Using TestNG with Spring

Testing Spring in JUnit is fairly simple given the test runner support. Using TestNG is a little bit more complex, but this tutorial will quickly get you up to speed.

Moving to TestNG from JUnit

A few weeks ago I published a Simple Introduction to Spring Unit testing using JUnit. We’ve been using JUnit quite a bit in our examples so far, but as some of you may already know, JUnit is not the only unit test framework for Java. Another framework, TestNG, offers a lot of features that JUnit lacks, such as the ability to run parameterized tests in which a given test is run against an array of different values, and the ability to break tests down into categories coupled with fine-grained configuration control over what tests to run. Indeed, the author of TestNG (“Next Generation”) very much had the limitations of JUnit in mind in writing the new framework. You can read about some of the problems with JUnit that TestNG was designed to solve on it the TestNG web site.

Of course, the choice of which technology to use is often a matter not of what’s best, but what’s most popular (especially if you’re early in your career and need to get certain key technologies added to your resume). So for my wife, who’s just beginning her technical career as a tester, I’d be inclined to recommend JUnit, whereas for myself, old fart programmer that I am, I have the luxury of picking the technology I consider better in many cases. For example, compared to IntelliJ Idea, for me Eclipse is just too painful — free or not, big market share or not. So I use IntelliJ. So if you’re playing “Dice Keyword Bingo”, stick with JUnit, otherwise do yourself a favor and take a look at TestNG.

Setting Up The Maven Dependency for TestNG

Rather than repeat all the sample bean code from our [original JUnit article](=), let’s focus here on the tests. The original sample code is, after all, not very interesting — it only gave us something to test. To migrate the JUnit sample, the first thing I needed to do was change the dependency section in our POM file slightly. Remove the JUnit dependency:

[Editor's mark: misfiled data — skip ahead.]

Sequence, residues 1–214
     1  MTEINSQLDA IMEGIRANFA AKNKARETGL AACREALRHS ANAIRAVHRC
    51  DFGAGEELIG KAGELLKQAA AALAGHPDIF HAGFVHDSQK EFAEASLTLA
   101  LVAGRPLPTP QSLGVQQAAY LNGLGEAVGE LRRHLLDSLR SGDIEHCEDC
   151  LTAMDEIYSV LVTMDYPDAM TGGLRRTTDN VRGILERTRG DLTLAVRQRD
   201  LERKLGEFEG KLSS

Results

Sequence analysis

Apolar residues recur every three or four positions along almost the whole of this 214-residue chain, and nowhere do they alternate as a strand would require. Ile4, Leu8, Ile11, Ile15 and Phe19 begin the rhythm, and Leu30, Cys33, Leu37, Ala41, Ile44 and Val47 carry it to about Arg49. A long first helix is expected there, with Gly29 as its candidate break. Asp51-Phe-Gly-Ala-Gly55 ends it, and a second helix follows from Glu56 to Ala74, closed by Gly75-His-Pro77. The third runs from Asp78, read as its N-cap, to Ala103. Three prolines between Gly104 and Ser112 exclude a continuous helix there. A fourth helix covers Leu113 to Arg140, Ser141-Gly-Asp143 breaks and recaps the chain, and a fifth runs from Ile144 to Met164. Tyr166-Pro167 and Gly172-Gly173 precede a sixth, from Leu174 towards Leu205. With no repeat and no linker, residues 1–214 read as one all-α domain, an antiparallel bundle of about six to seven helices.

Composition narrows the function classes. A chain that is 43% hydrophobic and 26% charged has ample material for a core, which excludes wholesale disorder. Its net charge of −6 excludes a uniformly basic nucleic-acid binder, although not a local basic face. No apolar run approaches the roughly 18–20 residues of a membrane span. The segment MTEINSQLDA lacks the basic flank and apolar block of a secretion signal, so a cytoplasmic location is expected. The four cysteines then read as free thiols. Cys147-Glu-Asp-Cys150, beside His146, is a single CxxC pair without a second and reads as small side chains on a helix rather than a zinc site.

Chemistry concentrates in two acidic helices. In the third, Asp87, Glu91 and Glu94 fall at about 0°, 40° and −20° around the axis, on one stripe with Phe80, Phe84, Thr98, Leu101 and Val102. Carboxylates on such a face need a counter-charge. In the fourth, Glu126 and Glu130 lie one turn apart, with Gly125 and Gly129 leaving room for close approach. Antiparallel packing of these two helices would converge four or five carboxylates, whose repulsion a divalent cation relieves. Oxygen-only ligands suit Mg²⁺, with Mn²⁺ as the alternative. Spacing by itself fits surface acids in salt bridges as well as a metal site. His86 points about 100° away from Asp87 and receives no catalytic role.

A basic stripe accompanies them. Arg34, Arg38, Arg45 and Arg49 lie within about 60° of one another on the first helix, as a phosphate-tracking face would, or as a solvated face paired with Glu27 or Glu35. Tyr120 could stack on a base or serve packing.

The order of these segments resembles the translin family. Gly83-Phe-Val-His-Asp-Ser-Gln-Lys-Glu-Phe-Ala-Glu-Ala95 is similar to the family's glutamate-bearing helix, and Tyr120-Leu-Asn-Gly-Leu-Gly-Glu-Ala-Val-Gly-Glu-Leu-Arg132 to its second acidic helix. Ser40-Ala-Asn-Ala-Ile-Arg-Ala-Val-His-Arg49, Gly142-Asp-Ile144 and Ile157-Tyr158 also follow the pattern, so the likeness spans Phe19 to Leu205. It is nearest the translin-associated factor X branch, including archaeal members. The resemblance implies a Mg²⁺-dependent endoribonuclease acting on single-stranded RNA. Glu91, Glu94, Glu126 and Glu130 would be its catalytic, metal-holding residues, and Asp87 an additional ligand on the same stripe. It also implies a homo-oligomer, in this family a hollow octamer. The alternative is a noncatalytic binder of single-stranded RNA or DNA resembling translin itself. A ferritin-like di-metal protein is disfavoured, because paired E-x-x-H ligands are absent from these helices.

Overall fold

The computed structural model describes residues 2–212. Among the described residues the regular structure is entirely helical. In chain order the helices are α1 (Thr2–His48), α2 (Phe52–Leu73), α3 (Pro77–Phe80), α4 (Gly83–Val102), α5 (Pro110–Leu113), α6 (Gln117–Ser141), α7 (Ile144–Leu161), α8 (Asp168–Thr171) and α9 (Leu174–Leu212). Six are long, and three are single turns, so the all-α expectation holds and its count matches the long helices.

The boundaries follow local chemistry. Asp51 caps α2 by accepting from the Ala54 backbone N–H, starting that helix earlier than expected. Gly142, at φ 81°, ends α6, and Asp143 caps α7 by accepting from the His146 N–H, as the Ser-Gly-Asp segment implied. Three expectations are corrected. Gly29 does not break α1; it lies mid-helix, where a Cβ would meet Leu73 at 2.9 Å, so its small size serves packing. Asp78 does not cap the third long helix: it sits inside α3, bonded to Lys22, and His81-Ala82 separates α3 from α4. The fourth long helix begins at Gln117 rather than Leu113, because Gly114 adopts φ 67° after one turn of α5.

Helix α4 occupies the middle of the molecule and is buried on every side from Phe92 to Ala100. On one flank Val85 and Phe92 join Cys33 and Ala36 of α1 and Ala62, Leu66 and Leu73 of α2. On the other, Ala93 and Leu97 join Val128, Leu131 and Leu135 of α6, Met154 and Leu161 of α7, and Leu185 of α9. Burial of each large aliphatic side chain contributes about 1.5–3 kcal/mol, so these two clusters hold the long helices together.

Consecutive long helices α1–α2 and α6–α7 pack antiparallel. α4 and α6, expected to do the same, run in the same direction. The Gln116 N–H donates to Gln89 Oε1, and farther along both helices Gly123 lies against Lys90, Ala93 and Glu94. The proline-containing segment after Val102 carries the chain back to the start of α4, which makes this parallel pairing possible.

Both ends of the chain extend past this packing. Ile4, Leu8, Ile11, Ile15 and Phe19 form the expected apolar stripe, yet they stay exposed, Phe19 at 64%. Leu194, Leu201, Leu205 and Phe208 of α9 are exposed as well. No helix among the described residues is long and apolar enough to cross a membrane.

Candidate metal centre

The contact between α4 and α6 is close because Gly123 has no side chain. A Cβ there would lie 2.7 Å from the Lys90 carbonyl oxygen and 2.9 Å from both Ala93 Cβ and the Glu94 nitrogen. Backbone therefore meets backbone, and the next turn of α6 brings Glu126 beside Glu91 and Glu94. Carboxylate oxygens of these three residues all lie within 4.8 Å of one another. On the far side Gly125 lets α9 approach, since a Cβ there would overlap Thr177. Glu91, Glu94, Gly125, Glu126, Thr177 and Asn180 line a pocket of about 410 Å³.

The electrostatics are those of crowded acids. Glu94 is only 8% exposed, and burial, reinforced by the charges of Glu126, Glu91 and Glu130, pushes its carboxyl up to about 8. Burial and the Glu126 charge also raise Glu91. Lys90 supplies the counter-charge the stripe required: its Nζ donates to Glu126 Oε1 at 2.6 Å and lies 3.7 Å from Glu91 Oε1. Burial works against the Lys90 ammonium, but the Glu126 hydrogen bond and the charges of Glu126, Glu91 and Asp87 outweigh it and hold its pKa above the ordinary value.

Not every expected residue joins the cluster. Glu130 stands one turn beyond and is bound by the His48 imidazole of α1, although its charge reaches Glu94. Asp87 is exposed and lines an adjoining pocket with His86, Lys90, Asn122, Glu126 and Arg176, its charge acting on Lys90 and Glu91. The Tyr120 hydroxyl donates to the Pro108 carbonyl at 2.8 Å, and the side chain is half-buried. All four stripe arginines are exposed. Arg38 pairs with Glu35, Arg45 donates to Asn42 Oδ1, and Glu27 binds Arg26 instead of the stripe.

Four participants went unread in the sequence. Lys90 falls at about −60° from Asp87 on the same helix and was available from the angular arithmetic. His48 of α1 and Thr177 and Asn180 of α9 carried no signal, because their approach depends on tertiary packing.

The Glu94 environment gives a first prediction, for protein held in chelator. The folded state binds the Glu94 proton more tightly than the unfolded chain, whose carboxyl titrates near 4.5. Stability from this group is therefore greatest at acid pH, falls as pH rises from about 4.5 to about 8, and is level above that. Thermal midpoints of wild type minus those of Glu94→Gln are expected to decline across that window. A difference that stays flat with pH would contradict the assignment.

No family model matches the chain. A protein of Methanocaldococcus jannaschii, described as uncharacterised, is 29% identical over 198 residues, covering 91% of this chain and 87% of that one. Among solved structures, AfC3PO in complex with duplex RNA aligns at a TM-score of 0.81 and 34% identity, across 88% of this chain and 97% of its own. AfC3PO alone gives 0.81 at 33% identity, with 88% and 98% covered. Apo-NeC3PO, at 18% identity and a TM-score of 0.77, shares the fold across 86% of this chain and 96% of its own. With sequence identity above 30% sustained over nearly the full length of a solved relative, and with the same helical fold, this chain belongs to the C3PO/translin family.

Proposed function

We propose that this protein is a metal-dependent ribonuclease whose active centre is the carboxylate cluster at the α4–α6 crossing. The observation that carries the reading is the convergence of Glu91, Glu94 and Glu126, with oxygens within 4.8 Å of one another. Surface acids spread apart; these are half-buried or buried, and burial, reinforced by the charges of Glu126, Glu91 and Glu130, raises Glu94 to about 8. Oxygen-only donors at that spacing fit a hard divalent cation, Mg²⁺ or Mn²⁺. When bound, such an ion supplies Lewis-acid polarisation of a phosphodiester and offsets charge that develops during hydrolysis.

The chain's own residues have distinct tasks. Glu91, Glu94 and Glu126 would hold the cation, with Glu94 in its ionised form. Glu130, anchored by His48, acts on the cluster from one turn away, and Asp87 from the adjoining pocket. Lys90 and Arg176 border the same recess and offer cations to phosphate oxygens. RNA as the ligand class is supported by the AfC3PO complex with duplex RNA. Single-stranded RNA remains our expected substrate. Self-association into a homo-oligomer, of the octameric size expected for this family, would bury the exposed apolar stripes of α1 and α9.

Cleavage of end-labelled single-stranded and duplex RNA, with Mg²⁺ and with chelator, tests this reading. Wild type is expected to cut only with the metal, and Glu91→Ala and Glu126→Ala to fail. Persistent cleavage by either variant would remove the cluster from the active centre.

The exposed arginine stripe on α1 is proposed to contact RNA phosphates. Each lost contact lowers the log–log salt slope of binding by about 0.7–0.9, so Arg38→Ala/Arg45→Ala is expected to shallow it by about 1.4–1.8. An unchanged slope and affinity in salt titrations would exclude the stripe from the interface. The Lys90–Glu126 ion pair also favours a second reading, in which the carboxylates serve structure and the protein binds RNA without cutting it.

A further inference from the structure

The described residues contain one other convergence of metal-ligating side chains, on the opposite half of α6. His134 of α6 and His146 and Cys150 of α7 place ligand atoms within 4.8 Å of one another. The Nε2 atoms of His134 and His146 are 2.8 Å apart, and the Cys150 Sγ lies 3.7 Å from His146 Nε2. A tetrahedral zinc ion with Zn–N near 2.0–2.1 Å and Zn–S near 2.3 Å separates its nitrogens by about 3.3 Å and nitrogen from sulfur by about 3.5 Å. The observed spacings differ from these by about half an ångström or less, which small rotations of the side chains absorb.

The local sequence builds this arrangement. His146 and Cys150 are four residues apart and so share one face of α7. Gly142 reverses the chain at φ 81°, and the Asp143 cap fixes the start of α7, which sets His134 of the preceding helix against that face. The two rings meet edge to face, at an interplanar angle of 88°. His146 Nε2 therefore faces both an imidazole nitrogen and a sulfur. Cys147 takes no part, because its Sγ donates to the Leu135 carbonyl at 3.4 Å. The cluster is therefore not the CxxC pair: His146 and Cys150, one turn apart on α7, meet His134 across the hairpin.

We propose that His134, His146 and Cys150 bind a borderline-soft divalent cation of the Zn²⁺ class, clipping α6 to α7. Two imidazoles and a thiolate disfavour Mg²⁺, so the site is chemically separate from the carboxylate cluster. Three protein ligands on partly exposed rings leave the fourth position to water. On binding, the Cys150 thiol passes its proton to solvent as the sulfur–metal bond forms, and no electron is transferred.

Now add the dependency for TestNG:

For the benefit of those of you starting from scratch, the here is the full POM file.

Some Simple AbstractTestNGSpringContextTests Examples

Next, let’s see what we need to do to use Spring’s basic TestNG testing support class, AbstractTestNGSpringContextTests. Don’t let the “Abstract” in the name scare you off here, there’s really nothing much to implement. All you need to do is add a ContextConfiguration annotation to your class and it just works. Here’s the Hello-World-simple example, which only uses the ContextConfiguration annotation to get it to compile and run.

Modifying our JUnit tests to work with TestNG was just as easy. The @RunWith annotation was no longer needed, being replaced by the fact that we’re extending AbstractTestNGSpringContextTexts. So pretty much the only migration we did involved changing JUnit imports to TestNG ones. We removed:

We replaced it with:

Here for example is a little bit longer example, that exercises some of the test beans we’ve wired up in our application context:

Getting started using the Spring TestNG support turned out to be really easy. Check our our IntelliJ project and the full source on GitHub.

Leave a Reply